My Brigadeiro brings more chocolate to Main Street
A large display case filled with a dozen varieties of chocolates welcomes customers upon entering My Brigadeiro, a chocolate shop that opened on Hanover’s Main Street on Jan. 3.
Store owner Ana Paula Alexandrescu began her online business two years ago from home, and although she has sold her chocolate in local stores — such as Dan and Whit’s General Store in Norwich and the Hanover and Lebanon Co-Op Food Stores — opening a store is something she always had in mind.
Alexandrescu’s business specializes in making brigadeiros — soft, fudge-like Brazilian truffles — and offers 39 different varieties that change daily in the shop. Each brigadeiro flavor falls into one of seven categories: classic, fruits, fancy, nuts, liquor, fun and holiday.
My Brigadeiro is Alexandrescu’s flagship store, but she said she hopes to expand her business in the future.
The storefront previously housed the Wine Crate, which announced it was closing last September after two years in business.
Town manager Julia Griffin said that the location of the space could make it difficult to gain traffic.
“The location she’s going into right now has been particularly challenging because it’s subterranean,” she said. “A business that goes in there must really have a following of folks that are loyal to the brand, so it’s all about signage and social media promotion and those sorts of things. This business has quite a loyal following, so our hope is that it’ll do well in that location.”
The Hanover shop will now be the site of 75 percent of the business’s handmade chocolate production, while the remaining 25 percent will continue to be made in Alexandrescu’s studio in Norwich. In the shop, customers can watch the handmade brigadeiros being rolled and decorated behind a glass divider.
The tourism and student activity surrounding Dartmouth drew Alexandrescu to open shop in Hanover, rather than Norwich or elsewhere in the Upper Valley.
“It’s a great area — it’s one of the main places around the Upper Valley where everybody comes to eat to try different things, and it’s close to where I live in Norwich,” she said.
Though The Chocolate Shop, a store located on Lebanon Street, sells similar products, Alexandrescu does not believe there is much competition between the two stores.
“I feel like there’s plenty of space for all of us to coexist here,” she said. “My product is unique and different, so it stands out by itself.”
A representative from The Chocolate Shop declined to comment.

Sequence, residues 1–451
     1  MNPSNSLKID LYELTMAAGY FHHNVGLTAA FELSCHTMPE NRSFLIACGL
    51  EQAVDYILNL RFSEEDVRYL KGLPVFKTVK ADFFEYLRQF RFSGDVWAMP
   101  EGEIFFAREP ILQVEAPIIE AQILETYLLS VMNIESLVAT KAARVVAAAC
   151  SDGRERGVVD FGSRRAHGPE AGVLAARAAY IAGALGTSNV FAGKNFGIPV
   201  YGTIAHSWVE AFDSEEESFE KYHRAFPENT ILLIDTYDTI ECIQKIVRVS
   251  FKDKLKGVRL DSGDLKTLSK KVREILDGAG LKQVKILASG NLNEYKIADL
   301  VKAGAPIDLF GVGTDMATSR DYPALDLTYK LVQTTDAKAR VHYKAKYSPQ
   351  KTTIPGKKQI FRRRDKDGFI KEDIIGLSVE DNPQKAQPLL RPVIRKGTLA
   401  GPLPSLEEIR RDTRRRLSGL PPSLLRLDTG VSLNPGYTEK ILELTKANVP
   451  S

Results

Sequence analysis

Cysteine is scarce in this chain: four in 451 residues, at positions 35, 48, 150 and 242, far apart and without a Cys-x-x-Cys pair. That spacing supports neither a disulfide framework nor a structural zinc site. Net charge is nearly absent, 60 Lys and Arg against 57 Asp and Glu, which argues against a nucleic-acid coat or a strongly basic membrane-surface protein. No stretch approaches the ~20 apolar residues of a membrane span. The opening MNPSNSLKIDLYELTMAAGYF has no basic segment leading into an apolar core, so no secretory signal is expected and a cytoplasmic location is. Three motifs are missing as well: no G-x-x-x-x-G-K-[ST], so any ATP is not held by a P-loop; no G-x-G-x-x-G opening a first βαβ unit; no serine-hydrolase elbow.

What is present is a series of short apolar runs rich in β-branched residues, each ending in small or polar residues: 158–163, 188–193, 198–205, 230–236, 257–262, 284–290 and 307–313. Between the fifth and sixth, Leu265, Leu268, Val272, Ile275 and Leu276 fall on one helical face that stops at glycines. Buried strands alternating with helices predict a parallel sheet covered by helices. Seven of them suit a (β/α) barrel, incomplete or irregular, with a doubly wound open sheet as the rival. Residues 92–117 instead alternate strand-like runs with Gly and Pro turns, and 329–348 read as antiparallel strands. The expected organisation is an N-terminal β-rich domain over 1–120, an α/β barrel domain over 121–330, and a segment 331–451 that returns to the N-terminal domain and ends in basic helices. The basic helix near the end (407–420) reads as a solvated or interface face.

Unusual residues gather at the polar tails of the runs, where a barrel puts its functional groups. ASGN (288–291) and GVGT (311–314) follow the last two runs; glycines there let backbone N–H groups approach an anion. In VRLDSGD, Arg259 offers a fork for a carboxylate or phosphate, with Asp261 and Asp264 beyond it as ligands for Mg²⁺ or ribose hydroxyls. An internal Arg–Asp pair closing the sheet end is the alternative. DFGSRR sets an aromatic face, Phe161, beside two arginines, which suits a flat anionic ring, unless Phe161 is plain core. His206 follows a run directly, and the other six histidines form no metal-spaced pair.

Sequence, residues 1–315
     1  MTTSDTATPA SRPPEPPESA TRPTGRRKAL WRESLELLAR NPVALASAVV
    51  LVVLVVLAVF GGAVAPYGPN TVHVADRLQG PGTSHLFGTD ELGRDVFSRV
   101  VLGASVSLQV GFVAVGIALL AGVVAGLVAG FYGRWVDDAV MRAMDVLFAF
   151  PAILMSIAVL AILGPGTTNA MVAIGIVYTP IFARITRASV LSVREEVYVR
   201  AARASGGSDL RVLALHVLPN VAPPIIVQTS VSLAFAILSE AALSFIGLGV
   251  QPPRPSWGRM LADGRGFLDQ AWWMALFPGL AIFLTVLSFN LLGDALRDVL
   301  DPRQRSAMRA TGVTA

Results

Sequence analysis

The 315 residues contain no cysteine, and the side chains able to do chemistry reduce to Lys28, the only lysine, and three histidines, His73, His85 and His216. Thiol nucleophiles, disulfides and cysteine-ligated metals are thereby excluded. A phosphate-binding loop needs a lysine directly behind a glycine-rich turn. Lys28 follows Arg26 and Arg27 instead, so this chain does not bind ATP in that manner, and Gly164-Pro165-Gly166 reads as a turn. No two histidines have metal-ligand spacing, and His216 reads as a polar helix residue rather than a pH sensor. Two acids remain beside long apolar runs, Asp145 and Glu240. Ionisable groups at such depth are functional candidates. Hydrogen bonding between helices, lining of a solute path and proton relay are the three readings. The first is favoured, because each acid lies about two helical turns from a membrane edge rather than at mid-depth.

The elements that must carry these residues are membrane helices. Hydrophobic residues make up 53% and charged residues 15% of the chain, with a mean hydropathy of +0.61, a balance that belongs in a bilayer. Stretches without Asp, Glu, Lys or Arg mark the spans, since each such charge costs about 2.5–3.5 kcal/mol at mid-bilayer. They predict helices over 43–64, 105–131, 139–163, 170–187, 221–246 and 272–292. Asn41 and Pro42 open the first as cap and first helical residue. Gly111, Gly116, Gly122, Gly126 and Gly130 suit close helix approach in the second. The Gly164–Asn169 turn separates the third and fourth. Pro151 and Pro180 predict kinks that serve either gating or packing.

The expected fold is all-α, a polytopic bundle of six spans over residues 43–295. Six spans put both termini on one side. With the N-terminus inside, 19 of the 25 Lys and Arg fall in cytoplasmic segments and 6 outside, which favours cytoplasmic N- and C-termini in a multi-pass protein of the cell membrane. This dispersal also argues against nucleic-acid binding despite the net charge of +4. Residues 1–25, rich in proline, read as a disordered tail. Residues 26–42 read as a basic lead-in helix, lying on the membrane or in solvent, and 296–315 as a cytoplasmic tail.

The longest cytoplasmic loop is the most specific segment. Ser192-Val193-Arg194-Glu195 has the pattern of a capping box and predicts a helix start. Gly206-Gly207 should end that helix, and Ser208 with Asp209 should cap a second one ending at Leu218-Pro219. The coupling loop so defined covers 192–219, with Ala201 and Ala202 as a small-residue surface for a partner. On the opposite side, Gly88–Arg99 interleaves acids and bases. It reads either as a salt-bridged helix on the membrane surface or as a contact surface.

Store employee and Lebanon resident Brandy James said that the reaction in the past week has been overwhelmingly positive from customers.
“I hope that the town embraces this shop and loves it as much as we love to make them,” James said. “The feedback that we get from the customers that walk through out door and on our Facebook is just superb, and I think that’s what we strive for.”
Alexandrescu started making brigadeiros when she was growing up in Rio de Janeiro, Brazil, and continued to make them for her three children on their birthdays, she said. Her oldest daughter Gabby, who also works in the store, was diagnosed with scoliosis two years ago, and one of Alexandrescu’s friends suggested she make more of the chocolates to take her mind away from the stress.
“I never though it would be so big, the way it is now,” Alexandrescu said. “Every time I see a customer leave the store happy and loving my chocolates, that’s what makes me happy. That’s the reason for me to be here.”
While some students are excited for the new store, others expressed concern over the price point. A nine count premium box of brigadeiros costs $21.65, according to the website.
Preeti Rishi ’18 said that she thinks the chocolates will be perfect as gifts, especially around Valentine’s Day, but is unsure about how popular the store will be among students, as it has to compete with Morano Gelato and The Chocolate Shop.
“I hope it does well though, because the chocolates are really good,” Rishi said.
Heidi Ahn ’18 said she was concerned about the high prices of the desserts and the location of the store, adding that it was slightly difficult for her to find.
Barry Yang ’18 said he thinks Dartmouth students would go because it offers something different from the other stores in town and “carves out its own niche.”